You may have heard that the Australian Box Jellyfish, Chironex fleckeri, has some of the most potent venom of any animal on the planet, powerful enough to kill an adult human in under two minutes. These animals can grow almost a foot-wide bell, and each animals has up to sixty tentacles, each up to three…… Continue reading What Is the Worst a Jellyfish Could Do? Irukandji Syndrome
A recent Twitter campaign, #SkypeaScientistQuestions, inspired me to write down some of the most common and most creative questions that I have gotten over the last six sessions with various classrooms through Skype a Scientist. Many of these were from 5th graders, of which only two were in coastal states and had regular access to…… Continue reading Skype a Scientist Question Roundup – Fall 2018 and Spring 2019
Two jellies have contributed to Nobel Prize winning research: The Nobel Prize for Physiology or Medicine in 1913 and the Nobel Prize in Chemistry in 2008. In both cases the animals were actually hydrozoans: Physalia physalis, the Portuguese Man-of-War, and Aequorea victoria, the Crystal jelly. The 2008 prize was awarded for the discovery of green fluorescent protein, also…… Continue reading Man-of-War venom, and the discovery of anaphylaxis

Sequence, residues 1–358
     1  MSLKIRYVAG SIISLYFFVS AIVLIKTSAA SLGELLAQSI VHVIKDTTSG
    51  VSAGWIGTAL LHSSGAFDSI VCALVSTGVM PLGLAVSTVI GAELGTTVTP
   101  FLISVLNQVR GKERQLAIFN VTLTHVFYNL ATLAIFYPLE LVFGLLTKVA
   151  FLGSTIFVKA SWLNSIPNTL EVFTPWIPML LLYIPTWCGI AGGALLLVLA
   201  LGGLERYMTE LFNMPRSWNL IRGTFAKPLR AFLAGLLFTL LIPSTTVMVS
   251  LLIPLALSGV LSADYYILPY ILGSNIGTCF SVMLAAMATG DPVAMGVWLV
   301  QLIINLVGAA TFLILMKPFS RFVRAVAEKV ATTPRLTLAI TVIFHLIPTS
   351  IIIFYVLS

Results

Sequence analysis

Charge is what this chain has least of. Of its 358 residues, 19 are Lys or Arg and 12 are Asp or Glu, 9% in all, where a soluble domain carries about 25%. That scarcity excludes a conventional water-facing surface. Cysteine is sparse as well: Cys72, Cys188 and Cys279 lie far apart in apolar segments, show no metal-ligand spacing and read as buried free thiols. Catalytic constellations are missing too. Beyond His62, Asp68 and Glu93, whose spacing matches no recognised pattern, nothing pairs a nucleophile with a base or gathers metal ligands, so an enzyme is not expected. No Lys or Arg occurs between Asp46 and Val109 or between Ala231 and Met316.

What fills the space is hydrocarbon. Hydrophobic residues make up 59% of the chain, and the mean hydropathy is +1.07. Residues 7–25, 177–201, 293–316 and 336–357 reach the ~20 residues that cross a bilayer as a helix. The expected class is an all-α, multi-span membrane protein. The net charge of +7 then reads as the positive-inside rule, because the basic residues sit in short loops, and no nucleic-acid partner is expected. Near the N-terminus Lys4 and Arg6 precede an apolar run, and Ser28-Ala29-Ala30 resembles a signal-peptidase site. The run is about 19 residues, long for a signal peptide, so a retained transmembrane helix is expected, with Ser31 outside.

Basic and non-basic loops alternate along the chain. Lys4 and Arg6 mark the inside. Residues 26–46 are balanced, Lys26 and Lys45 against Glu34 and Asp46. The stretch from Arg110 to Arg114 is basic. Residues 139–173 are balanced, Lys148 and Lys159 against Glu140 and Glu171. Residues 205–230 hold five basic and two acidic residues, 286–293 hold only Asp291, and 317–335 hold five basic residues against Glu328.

On 3 December 2018, the first jellyfish genome was published online at Nature Ecology and Evolution. To clarify, the is the first genome of a cnidarian with a jellyfish stage (i.e. medusa). There are currently a few other jellies, like Hydra and Nematostella, that have had their genome available for several years. What was the lucky medusa-bearing…… Continue reading Stung by a Moon – Celebration of the Aurelia aurita genome
My first visit to the National Aquarium was also a behind-the-scenes tour of the jellyfish room with Jennie Janssen (@JellyJanssen). I was completely mesmerized by hundreds of jellies in various industrial-sized aquaria. But I should also note, I am frequently mesmerized by jellies, big and small, be they in an aquarium or under the scope… Continue reading So many jelly photos!
A couple of weeks ago, New York Times’s science writer Carl Zimmer wrote about a recent review of Hays et al (2018), which asked: how important are jellyfish in marine ecosystems? The answer: important. In fact, probably more important than we have been giving them credit for. Jellyfish (often referring to both cnidarians and ctenophores)… Continue reading Jellyfish are Good Eatin’!
I wanted to share my post to for the Smithsonian NMNH Invertebrate Zoology Department blog, No Bones, about some of the work I did over the summer. Enjoy! http://nmnh.typepad.com/no_bones/2018/08/stinging-snot-at-the-smithsonian.html